New Executive Order Affects Employee Travel Restrictions

February 10, 2021
Inside HR
HR Compliance
Read time: 3 mins

On January 21, 2021, President Biden signed an Executive Order on Promoting COVID-19 Safety in Domestic and International Travel. It was a step toward his promise to address the spread of COVID-19 and put more safety measures in place.

As the title indicates, there are two segments to this order. The first relates to domestic forms of travel. In accordance with Section 5302 of Title 49, it includes any shared-ride mode of transportation including commercial aircraft and airports, trains, intercity buses and stations, subways, and other forms of public transit. There is no major shift to this guidance, as it states masks must be worn and CDC recommended social distancing observed.

The second portion of the order went into effect January 26, 2021, and addresses international travel. This also follows the CDC guidelines. All passengers, age two or older, entering the United States must provide test results taken within three days prior to departure. Each airline will confirm either a negative test result or proof of recovery from the virus within the last 90 days. Anyone without the proper documentation will not be allowed to board. More specific information related to returning to the U.S. from other countries has been provided by the Department of State.

It is also recommended that individuals contact the airlines when booking a trip to ask if there are any additional restrictions or requirements. While the CDC guidelines are the basis for travel, certain airlines may take additional measures. Other countries may also impose travel restrictions on U.S. citizens. The U.S. Department of State has provided country-specific information to help you prepare.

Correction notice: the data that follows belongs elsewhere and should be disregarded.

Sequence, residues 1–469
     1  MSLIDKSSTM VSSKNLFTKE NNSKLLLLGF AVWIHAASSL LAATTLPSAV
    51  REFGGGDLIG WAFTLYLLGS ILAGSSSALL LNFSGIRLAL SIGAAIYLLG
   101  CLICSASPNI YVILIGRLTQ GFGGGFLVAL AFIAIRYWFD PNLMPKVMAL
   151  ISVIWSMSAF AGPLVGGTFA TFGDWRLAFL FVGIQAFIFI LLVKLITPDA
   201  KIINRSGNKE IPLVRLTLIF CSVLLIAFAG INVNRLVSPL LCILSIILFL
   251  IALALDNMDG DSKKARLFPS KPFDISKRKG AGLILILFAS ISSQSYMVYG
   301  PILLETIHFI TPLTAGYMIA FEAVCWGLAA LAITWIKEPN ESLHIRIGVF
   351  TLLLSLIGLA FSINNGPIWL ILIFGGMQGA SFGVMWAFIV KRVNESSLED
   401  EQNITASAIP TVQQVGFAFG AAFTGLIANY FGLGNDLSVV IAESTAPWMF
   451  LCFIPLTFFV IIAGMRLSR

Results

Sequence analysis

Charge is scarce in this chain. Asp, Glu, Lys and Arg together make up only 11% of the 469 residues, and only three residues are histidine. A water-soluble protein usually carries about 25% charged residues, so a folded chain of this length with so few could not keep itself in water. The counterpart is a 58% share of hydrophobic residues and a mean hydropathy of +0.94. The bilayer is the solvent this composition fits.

Most importantly, individuals are strongly encouraged to plan ahead prior to travel. Allow enough time to test and receive results, and plan for longer wait times or delays while the additional safety precautions are in place.

While employers cannot restrict personal travel, they may require employees to work remote or quarantine for a period of time upon return home from personal travel. Such policies should be communicated to employees in advance so expectations are clear and employees understand what will be expected of them upon return from personal vacations/travel. 

Employers requiring business travel should also equip employees with the necessary resources to comply with the various restrictions in place, and also support employees upon their return from travel to ensure their safe return to their families and workplace.

With travel starting to pick up, it’s essential that employers continue promoting safe work environments while at the office or in production areas. Many employees have continued to work onsite during the pandemic and many more are beginning to return. It is important to remember that people previously infected with COVID-19 or who have received the vaccination are not exempted from following safety measures and should still follow OSHA and CDC recommendations to contain the spread. This is reiterated in OSHA’s recently released Guidance on Mitigating and Preventing the Spread of COVID-19 in the Workplace. MRA will continue to provide updates to any changes to this and other COVID-related legislation.

Source: Deborah Morgan, HR Government Affairs and Business Advisor, MRA – The Management Association